Champion Centre graduate, 18 year old Charlotte Holt, has earned a scholarship to study law and arts at the University of Canterbury, through her dad's work at the Lyttleton Port Company. Way to go Charlotte!
Charlotte's parents say Charlotte has a lot of empathy for others and has a strong sense of social justice and this could be attributed to her time attending the Champion Centre as a young child.She was a very relaxed but ‘floppy baby’. Charlotte was diagnosed with mild to moderate hypotonic cerebral palsy at 6 months by a paediatrician. Charlotte’s family was surrounded by friends’ children who had disabilities and they didn’t treat Charlotte any different.
‘We never put a label on Charlotte’s condition,’ says Mum, Jane.
She initially attended Milestones Centre for 3 months, to bridge the gap before she started at the Champion Centre at 9 months of age. Their fear as parents soon faded as they thought, ‘what would we do if we didn’t get into the Champion Centre? Their fears faded once wthey entered the Centre and received a lot of support from the staff and each other.
Charlotte started attending the Centre, mainly with her mum Jane, at 9 months old, once a week initially then fortnightly until just before she was two, at the end of 2004.
Charlotte’s Nana’s often came to the Centre for Charlotte’s sessions. ‘My mother often found it quite emotional when she visited the Centre, seeing what all these amazing children were achieving,’ says Charlotte’s dad, Chris. ‘While at the Champion Centre, Charlotte became very able, with her fine motor skills. As well as sessions at the Centre, we took her swimming a lot,’ says Jane. ‘Charlotte definitely developed her personality and talent from the Champion Centre, she received a lot of attention. She has become very independent,’ says Chris. ‘The staff that work there are incredible, very dedicated and amazing. Early intervention is so important, it’s your lifeline’, says Jane. Growing up she danced, sang, played sport and was very rhythmic. She then joined her two older sisters at Villa Maria College, where she became an esteemed public speaker and achieved her grade 7 Trinity Speech and Drama exam. Last year, Charlotte applied for a tertiary scholarship through Chris’ work at the Lyttleton Port Company, that was available for children of employees to apply for. Through a selection process Charlotte was awarded the scholarship. It is worth $10,000 and will be used to pay Charlotte’s university fees over two years. Charlotte says, ‘perhaps from my time at the Champion Centre and my love of public speaking, I gravitated towards studying social justice and law at university. It’s an opportunity to give back.’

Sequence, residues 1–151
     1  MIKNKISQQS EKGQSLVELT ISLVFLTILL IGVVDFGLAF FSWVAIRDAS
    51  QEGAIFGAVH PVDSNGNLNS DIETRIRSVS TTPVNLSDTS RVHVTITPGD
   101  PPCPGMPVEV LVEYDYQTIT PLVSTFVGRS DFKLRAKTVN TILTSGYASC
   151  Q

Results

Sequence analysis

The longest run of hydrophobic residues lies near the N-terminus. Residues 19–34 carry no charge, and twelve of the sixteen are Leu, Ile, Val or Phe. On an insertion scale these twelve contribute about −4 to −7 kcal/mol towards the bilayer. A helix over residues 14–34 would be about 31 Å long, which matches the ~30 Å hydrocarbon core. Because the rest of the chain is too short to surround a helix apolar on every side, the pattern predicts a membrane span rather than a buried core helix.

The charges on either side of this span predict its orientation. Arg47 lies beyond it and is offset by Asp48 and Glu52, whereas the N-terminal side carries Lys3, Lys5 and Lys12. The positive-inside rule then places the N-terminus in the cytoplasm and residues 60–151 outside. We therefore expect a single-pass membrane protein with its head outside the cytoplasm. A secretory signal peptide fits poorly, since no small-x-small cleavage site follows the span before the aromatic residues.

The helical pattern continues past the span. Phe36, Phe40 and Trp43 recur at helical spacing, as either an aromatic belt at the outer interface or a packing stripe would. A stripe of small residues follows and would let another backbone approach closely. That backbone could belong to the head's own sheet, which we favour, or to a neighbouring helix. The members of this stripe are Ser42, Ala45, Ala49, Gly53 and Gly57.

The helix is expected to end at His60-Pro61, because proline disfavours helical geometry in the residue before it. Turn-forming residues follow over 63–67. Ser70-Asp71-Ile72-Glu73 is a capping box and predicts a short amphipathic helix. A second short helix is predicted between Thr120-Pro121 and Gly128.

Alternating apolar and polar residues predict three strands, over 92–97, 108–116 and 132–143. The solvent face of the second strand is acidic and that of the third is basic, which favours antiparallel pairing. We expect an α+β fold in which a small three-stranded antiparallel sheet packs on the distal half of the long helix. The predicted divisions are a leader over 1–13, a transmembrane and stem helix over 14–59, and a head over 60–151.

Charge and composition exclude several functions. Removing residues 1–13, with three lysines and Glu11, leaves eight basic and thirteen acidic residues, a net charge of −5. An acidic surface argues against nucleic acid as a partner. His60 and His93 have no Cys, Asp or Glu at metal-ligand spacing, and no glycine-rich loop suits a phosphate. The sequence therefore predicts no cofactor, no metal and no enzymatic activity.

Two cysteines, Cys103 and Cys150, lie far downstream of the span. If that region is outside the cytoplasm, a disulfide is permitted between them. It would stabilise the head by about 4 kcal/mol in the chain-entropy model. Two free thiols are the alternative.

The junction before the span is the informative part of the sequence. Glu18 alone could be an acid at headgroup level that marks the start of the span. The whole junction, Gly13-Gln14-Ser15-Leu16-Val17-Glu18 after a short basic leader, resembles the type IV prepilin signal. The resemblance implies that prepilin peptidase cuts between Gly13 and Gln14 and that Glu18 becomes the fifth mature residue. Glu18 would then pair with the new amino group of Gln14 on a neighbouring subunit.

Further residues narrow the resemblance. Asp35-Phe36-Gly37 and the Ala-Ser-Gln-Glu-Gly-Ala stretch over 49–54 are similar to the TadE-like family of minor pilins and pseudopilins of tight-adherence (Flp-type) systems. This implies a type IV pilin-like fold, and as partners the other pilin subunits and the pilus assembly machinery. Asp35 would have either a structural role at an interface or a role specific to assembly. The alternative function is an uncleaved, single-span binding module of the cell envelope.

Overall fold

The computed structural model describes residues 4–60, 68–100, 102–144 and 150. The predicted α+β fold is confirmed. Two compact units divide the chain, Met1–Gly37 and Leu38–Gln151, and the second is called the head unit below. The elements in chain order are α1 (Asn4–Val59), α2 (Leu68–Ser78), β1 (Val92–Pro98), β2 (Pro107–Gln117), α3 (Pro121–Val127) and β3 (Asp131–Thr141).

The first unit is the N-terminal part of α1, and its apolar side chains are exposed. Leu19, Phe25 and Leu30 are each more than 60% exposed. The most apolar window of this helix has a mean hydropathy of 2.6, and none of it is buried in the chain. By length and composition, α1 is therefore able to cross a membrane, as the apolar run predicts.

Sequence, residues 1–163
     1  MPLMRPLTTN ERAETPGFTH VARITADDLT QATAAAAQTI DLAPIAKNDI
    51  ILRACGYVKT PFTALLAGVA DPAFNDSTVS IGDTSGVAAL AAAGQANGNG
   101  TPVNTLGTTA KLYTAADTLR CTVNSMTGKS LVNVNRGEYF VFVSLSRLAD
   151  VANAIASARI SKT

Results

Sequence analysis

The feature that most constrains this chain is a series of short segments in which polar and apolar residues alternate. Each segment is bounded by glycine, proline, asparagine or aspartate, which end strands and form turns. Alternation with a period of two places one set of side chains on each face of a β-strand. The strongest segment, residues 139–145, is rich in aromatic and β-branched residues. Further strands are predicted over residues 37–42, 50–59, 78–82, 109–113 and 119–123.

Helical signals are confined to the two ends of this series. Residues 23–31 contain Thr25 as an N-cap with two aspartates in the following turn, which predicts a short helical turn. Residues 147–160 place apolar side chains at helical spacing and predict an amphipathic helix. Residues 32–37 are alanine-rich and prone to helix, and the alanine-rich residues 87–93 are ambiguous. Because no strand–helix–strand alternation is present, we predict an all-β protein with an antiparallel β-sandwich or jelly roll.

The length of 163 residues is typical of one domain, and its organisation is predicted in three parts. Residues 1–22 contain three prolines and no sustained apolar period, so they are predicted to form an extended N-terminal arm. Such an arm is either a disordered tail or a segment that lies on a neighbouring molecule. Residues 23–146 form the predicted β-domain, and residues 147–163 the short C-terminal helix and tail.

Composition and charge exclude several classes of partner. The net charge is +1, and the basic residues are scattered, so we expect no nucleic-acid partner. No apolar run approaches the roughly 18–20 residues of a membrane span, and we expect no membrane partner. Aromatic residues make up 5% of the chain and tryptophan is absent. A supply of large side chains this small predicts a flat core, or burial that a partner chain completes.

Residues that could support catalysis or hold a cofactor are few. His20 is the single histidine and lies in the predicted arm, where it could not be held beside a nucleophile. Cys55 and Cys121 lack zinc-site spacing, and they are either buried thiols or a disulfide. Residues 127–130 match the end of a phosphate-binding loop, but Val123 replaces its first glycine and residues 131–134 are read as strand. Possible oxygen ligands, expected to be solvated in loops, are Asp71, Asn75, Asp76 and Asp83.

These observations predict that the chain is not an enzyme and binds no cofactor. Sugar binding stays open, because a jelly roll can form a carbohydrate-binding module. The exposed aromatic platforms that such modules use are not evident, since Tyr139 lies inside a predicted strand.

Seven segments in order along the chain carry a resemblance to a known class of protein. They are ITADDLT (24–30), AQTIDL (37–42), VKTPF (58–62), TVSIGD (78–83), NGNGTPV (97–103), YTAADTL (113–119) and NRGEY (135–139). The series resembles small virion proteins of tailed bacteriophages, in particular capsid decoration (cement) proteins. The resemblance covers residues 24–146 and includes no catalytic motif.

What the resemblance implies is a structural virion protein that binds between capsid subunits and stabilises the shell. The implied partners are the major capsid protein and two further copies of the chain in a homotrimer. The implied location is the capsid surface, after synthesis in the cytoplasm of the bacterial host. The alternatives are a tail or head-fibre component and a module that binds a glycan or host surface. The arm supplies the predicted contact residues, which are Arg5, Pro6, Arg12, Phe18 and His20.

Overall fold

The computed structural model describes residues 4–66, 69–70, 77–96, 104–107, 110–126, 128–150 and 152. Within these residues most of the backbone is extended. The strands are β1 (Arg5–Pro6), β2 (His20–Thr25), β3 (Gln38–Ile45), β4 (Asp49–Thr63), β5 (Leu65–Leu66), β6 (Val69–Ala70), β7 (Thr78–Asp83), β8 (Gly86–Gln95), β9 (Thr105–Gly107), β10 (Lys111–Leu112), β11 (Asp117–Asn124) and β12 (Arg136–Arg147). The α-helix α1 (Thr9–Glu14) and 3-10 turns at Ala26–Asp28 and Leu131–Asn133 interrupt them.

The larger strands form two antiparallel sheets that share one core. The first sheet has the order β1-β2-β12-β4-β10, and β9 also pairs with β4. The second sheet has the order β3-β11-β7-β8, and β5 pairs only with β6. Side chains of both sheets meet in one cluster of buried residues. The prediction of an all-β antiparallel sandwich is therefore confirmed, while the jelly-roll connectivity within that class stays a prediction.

Charlotte with her cup for, 'The student who has made the most progress' and a 'Cultural gold' certificate. Villa Maria College prizegiving, 2020.